While much of the media surrounding the Consolidated Appropriations Act has focused on individual relief like the extended Unemployment benefits boost and the second round of direct checks to individuals, the small business community also received new and extended forgivable loans, tax credits and tax relief.
- The new law makes PPP loans that are forgiven non-taxable. The original Cares Act stated that the forgiven loans would not count as income, but the IRS upended that intent by declaring that expenses paid by the PPP money didn’t count as expenses-making the loan taxable. The new CAA does away with that ruling and makes all forgiven PPP loan amounts non-taxable, a huge benefit for the many small businesses that received PPP loans.
- PPP Round 2 launches and PPP Round 1 reopens. For small businesses that missed the boat on PPP Round 1, the program reopens to give those businesses a second chance to take advantage of the popular program. The new bill creates a new pool of money to start PPP Round 2. Targeting the hardest hit businesses with less than 300 employees, a small business that had a decline in revenue of 25% from one quarter of 2019 to the same quarter of 2020 qualifies to apply once again for 2.5 times monthly payroll in a forgivable loan. Some of the hardest hit employers like restaurants can apply for a loan of 3.5 times monthly payroll. The funds must be spent on 60% payroll costs to receive 100% forgiveness.
- The CAA makes changes to the rules for the Employee Retention Credit (ERC) and extends and sweetens it for 2021. The ERC was utilized by only a fraction of the companies who took advantage of the PPP loans last year, but the new changes make this credit accessible to a whole new group of small businesses. As the ERC is not as familiar to many, lets take some time reviewing this credit. For 2020, small businesses with less than 100 full time employees could take the ERC; for 2021 that employee count was increased to 500. To be eligible, a small business would need to show decline in revenue of 50% in 2020; the revenue reduction drops to 20% for 2021, again making many more small businesses eligible. Revenue reduction is calculated by taking revenue in any quarter in 2020 or 2021 and comparing it to the same quarter in 2019 (there are also alternate methods.) Once eligible, in 2020, a company can receive a credit of 50% for up to $10,000 in wages per employee. So eligible companies could receive up to $5000 per employee for 2020. Moreover, the credit is refundable, which means you don’t simply use it to offset current or future taxes-with a refundable credit, you may reduce all available taxes and the IRS will send a check for the difference.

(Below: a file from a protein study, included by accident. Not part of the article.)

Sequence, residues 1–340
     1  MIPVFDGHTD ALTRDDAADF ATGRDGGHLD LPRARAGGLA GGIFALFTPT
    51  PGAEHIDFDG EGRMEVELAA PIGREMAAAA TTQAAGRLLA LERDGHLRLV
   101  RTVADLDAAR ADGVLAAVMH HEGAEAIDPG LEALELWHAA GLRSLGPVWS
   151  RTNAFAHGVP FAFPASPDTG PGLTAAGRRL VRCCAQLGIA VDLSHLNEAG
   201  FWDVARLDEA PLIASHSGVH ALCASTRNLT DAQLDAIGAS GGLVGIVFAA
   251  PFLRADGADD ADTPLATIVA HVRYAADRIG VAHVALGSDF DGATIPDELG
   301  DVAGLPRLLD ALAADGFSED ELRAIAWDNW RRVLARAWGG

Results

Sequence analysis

Here are the big changes: Originally, a small business couldn’t take advantage of both the PPP and the ERC, and most received PPP loans. The new loan retroactively makes small businesses eligible for both-although one can’t use the same wages for both credits. Most small businesses had the covered periods of the PPP ending around the start of the 4th Quarter. For a qualifying business, most wages paid in the 4th quarter could be eligible for the credit. For 2021, the changes are even more significant. As noted, the size of the qualifying business increased from 100 to 500, and the revenue reduction needed decreased from 50% to 20%. On top of that, the credit increased from 50% to 70% on wages of up to $10,000, and the limit is per quarter not per year. As example, an employee who makes $10,000 or more per quarter, would have yielded a max credit for 2020 of $5000. That same employee can yield a $14,000 credit in 2021.
Disclaimer: This article is meant to provide a general review and understanding of complicated tax laws, both for eligibility and application. This article is not meant to provide tax advice for the reader’s specific situation. Always consult an accounting professional or labor attorney for specific tax advice on applying for and qualifying for these programs. Furthermore, guidance on these laws may change at any time and this article may not be updated to reflect those changes.
About the author: Arch Wallace is the President and founder of Checkright and has spent almost 20 years employed in the accounting and payroll industry. He can be reached at firstname.lastname@example.org.